For 30 years, Colorado State University Professor Ray Hogler has carefully monitored what he sees as the deteriorating state of American labor relations, culminating most recently with announcements by major corporations to scrap their pension plans.
Now, he has been invited by the Fulbright Award program to share his expertise at the University of Tuscia in Italy – a country that Hogler said is a model for major labor reform. Hogler will be a Fulbright Distinguished Professor, which the Council of International Exchange of Visitors in the United States said is "among the most prestigious appointments in the Fulbright Scholar Program." Only 38 Distinguished Chairs are selected each year. The University of Tuscia is located in Viterbo, in central Italy, and the city is the site of the 13th-century papal palace.
Hogler will teach in that university’s Department of Economics in the spring of 2007.
"Ray is a great instructor and will be a wonderful representative of the university in Italy," said Jim Cooney, associate provost for international programs at Colorado State. "He is helping us fulfill our mission to create international partnerships and use our knowledge and innovation to reach out to other communities, whether that’s in Colorado or elsewhere in the world."
Hogler teaches undergraduate courses in Colorado State’s College of Business on collective bargaining and labor law. He is the author of a textbook titled "Employment Relations in the United States."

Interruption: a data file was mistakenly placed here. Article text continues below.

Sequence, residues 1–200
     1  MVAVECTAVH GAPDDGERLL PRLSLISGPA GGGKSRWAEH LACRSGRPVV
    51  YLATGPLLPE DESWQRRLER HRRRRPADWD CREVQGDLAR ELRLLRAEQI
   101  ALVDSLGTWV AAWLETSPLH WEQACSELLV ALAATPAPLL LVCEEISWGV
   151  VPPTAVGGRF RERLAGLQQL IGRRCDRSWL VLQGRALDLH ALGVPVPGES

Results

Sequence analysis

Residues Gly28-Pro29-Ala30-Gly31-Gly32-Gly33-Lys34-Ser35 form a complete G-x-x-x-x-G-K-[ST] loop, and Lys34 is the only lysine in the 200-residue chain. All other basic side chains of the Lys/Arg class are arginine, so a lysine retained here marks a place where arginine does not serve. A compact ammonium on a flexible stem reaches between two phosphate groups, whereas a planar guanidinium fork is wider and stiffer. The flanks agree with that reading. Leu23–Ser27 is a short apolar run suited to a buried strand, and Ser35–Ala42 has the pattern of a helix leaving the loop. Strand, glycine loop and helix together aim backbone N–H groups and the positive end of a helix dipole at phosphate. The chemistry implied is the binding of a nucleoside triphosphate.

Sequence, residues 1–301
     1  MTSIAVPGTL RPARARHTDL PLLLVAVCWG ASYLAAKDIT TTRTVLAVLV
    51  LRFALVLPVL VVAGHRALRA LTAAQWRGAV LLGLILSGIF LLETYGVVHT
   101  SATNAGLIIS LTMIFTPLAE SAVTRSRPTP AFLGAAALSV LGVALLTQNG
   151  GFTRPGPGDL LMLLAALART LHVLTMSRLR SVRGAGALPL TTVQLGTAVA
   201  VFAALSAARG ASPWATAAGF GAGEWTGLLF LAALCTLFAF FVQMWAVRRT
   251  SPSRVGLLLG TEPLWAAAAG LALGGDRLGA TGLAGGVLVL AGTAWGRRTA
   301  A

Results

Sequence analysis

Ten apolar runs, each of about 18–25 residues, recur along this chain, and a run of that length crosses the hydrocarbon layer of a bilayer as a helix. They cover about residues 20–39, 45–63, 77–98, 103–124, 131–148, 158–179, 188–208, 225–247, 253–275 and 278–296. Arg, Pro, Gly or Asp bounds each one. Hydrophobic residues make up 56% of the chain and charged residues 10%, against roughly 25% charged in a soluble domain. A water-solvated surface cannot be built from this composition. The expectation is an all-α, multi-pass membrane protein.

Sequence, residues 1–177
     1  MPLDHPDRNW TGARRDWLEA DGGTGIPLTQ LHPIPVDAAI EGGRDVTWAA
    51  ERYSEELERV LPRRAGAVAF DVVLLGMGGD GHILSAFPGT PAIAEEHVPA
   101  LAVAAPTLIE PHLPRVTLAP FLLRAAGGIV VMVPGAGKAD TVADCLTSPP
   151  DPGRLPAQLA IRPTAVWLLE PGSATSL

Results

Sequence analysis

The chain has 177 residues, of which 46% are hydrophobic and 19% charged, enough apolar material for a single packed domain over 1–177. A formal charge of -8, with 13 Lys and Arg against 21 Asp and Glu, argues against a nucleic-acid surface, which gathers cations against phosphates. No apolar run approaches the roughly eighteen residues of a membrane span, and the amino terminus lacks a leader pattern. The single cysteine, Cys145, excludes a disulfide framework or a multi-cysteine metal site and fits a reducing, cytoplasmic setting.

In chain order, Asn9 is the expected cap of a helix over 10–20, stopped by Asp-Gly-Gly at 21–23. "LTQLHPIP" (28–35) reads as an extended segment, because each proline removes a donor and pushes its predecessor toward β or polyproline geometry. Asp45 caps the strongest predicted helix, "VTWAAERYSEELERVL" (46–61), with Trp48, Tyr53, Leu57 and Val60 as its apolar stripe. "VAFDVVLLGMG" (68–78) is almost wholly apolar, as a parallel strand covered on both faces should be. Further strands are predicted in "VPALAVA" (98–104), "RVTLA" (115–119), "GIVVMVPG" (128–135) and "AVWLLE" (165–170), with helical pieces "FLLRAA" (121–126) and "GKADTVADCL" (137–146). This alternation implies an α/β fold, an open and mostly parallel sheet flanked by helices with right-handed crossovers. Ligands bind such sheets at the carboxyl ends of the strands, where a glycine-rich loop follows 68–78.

"This is a fantastic opportunity for Colorado State University and for me," Hogler said. "The University of Tuscia wants to learn what’s happening in the United States in terms of labor relations. I believe our system is falling apart after 50 years of success, a situation that can offer some useful instruction."
Italians reformed their pension system by combining private and public pension plans – a painful, but successful overhaul that put people on an equal playing field, Hogler said. That’s tougher to do in the United States where the same degree of social cohesion is lacking.
"In Italy, those costs are born by society, not by employers," he said, noting that some 45 million Americans are without health care. "The fact is, at some point, if those Americans have heart attacks or some debilitating illness, they would be destitute."
Hogler, a Durango native, obtained his bachelor’s degree from Fort Lewis College and his law and doctoral degrees from the University of Colorado. He has taught management courses at Colorado State since 1988. Prior to joining Colorado State, he was associate professor in the Labor Studies and Industrial Relations Department at Pennsylvania State University.